Present petition challenged the validity of the Telecom Consumer Protection (Ninth Amendment) Regulations, 2015 notified on 16.10.2015 by the Telecom Regulatory Authority of India (‘TRAI’) whereby every originating service provider providing cellular mobile telephone service has been made liable to credit the calling consumer i.e. a consumer who initiates a voice call, by one rupee for each call drop within its network for a maximum of three call drops per day. Further the service provider would also provide the details of the amount credited to the calling consumer within 4 hours of the occurrence of call drop through SMS/USSD message. In case of post paid consumers such details of amount credited in the account of calling consumer would be provided in the next bill.
The amendment was opposed on various grounds like (i) Act not empowering TRAI to impose compensation to consumers; (ii) effect of the impugned regulations would be extraction of a tax/cess/penalty which has no legislative sanction and thus violative of Article 265 of the Constitution of India; (iii) Since Quality of Service Regulations permits 2% of call drops, no element of fault can be attributed to the service providers upto the benchmark of 2%’ (iv) The impugned regulations are patent non-application of mind and consideration of irrelevant material and thus unreasonable, arbitrary and violative of Article 14; (v) Contravenes preamble to the Act which requires the regulator/TRAI to protect the interests of service providers; (vi) impugned regulations inconsistent with the existing Quality of Service Regulations and thus not sustainable under law; (vii) by enforcing the impugned regulations, TRAI cannot make the service providers liable for payment of compensation within the exempted limit of 2% benchmark specified in Quality of Service Regulations; (viii) There being several extraneous factors such as closing down and sealing of sites, spectrum related issues and deployment of additional network capacity by way of augmenting spectrum resources beyond the control of the service providers, they cannot be made liable for every call drop ignoring the fact that Quality of Service Regulations have recognised that 100% coverage is not possible; (ix) Issues relating to interference and unauthorised radios/jammers yet to be resolved by TRAI or Department of Telecom; (x) TRAI after already having amended the Quality of Service Regulations prescribing harsher penalties for failure to adhere to the benchmarks, the impugned regulations providing for compensation to consumers on the very same ground of call drops unwarranted; and other grounds on similar touchstone.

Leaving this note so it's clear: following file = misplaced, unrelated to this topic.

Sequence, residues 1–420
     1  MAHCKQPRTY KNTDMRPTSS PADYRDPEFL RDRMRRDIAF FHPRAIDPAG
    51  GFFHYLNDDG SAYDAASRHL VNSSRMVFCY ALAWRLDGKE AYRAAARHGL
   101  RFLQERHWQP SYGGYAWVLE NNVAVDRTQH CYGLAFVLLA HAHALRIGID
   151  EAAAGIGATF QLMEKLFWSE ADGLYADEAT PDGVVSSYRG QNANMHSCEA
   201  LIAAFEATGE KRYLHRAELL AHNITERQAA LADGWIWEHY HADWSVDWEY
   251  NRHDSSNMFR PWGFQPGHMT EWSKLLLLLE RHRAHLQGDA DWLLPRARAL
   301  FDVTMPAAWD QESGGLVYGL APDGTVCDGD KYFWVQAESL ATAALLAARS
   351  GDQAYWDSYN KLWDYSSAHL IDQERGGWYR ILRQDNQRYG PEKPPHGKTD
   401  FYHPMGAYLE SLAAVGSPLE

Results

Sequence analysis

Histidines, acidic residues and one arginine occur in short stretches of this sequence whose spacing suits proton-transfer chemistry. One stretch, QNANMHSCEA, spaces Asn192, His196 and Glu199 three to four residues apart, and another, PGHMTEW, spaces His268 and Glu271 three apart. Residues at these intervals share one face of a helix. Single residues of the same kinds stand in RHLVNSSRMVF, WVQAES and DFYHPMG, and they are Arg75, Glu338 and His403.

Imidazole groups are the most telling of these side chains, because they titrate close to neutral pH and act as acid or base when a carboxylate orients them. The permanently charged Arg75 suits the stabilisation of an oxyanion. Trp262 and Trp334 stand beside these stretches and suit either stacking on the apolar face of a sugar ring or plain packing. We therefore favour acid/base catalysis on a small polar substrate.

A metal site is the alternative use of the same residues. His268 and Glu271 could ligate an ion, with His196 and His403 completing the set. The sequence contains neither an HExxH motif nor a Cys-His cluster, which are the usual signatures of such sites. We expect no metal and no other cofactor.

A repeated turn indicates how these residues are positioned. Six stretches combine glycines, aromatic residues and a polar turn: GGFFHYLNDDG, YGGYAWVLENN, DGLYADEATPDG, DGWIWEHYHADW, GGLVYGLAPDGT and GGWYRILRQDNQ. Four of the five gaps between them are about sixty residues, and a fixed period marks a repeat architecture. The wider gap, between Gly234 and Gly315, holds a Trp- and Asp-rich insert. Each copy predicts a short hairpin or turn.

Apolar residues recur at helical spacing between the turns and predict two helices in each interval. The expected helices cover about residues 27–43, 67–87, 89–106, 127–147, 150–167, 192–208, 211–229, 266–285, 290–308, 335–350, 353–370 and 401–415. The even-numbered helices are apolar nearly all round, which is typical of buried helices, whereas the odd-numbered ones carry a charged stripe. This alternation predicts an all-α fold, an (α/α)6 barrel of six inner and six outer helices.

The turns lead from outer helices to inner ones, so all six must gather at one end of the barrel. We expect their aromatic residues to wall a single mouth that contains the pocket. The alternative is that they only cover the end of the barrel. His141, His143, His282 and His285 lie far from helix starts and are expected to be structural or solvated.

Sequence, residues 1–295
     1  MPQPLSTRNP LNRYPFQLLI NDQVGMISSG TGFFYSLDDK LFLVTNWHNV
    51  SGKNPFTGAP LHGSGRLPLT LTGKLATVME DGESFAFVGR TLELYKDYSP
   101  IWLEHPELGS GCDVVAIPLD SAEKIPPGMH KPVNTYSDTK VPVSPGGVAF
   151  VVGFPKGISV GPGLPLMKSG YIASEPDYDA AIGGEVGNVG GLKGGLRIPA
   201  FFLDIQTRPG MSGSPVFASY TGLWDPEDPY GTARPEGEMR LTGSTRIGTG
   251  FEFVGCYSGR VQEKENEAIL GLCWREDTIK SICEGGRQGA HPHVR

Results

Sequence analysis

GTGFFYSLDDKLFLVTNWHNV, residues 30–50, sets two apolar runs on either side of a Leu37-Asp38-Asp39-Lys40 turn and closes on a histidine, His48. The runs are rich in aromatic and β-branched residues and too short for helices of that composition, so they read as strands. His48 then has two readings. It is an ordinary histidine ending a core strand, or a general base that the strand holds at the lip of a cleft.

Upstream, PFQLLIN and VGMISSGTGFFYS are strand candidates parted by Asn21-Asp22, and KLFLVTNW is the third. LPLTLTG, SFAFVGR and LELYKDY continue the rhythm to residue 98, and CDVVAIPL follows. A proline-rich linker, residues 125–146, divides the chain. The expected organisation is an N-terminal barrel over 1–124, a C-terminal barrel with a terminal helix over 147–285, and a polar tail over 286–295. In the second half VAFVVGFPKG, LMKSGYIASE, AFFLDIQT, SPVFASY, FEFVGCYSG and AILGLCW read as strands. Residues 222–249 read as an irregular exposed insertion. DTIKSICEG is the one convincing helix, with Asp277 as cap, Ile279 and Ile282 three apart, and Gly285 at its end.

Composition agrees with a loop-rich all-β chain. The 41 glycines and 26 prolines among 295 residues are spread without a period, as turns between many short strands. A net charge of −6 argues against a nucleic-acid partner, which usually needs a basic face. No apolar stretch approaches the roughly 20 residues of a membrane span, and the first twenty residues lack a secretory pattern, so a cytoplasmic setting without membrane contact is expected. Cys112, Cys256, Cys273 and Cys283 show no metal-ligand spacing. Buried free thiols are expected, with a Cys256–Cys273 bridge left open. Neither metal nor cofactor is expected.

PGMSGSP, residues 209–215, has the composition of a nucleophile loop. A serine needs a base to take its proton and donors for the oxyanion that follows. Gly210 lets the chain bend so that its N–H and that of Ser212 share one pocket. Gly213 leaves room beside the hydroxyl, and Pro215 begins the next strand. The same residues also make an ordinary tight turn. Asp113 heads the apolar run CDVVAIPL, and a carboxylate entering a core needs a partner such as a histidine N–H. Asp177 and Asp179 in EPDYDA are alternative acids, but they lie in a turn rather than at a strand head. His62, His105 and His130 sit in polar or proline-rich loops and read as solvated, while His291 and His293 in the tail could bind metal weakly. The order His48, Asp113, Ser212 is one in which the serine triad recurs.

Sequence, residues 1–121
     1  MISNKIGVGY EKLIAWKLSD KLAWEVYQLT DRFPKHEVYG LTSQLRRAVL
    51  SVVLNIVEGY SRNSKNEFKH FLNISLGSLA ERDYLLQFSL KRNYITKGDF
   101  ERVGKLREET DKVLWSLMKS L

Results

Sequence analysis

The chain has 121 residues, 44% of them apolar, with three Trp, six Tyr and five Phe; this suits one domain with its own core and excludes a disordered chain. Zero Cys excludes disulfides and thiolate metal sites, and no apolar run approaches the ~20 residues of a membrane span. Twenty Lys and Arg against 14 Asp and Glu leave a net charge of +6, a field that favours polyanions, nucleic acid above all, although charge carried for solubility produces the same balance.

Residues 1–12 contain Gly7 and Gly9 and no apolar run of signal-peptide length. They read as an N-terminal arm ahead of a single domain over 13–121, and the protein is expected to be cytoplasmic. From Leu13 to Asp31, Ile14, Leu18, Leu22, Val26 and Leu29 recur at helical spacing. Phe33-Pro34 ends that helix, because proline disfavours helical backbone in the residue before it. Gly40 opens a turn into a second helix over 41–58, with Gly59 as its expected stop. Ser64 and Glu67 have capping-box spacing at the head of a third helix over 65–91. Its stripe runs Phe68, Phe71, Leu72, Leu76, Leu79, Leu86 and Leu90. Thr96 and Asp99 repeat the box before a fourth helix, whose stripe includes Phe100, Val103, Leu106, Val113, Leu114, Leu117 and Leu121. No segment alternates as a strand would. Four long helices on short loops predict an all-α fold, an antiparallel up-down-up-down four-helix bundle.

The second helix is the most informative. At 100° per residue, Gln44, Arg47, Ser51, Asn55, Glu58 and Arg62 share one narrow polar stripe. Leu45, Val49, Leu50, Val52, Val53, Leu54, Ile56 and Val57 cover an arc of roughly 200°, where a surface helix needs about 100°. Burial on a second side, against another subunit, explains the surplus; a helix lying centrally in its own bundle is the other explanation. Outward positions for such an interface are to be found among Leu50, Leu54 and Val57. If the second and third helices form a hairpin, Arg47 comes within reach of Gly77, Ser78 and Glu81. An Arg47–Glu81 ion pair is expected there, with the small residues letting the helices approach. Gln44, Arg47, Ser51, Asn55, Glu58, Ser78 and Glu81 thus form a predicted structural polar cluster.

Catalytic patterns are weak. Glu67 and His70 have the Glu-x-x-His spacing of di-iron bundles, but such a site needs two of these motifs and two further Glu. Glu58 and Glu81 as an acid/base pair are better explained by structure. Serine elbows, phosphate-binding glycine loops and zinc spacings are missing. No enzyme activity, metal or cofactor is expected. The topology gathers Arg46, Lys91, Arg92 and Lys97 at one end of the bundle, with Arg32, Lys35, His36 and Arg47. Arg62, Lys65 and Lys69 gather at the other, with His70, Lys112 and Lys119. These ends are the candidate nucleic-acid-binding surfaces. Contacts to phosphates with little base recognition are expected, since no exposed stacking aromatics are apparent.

The Court observed that the impugned regulations are in the nature of the subordinate legislation and there is a presumption in favour of constitutionality or validity of a subordinate legislation and the burden is upon him who attacks it to show that it is invalid. However, a piece of subordinate legislation does not carry the same degree of immunity which is enjoyed by a statute passed by a competent Legislature. Subordinate legislation may be questioned on any of the grounds on which plenary legislation is questioned. In addition it may also be questioned on the ground that it does not conform to the statute under which it is made or that it is contrary to some other statute.
As was held in State of T.N. v. P.Krishnamurthy & Ors.(2006) 4 SCC 517, subordinate legislation can be questioned on following parameters:
(a) Lack of legislative competence to make the sub-ordinate legislation.
(b) Violation of Fundamental Rights guaranteed under the Constitution of India.
(c) Violation of any provision of the Constitution of India.
(d) Failure to conform to the Statute under which it is made or exceeding the limits of authority conferred by the enabling Act.
(e) Repugnancy to the laws of the land, that is, any enactment.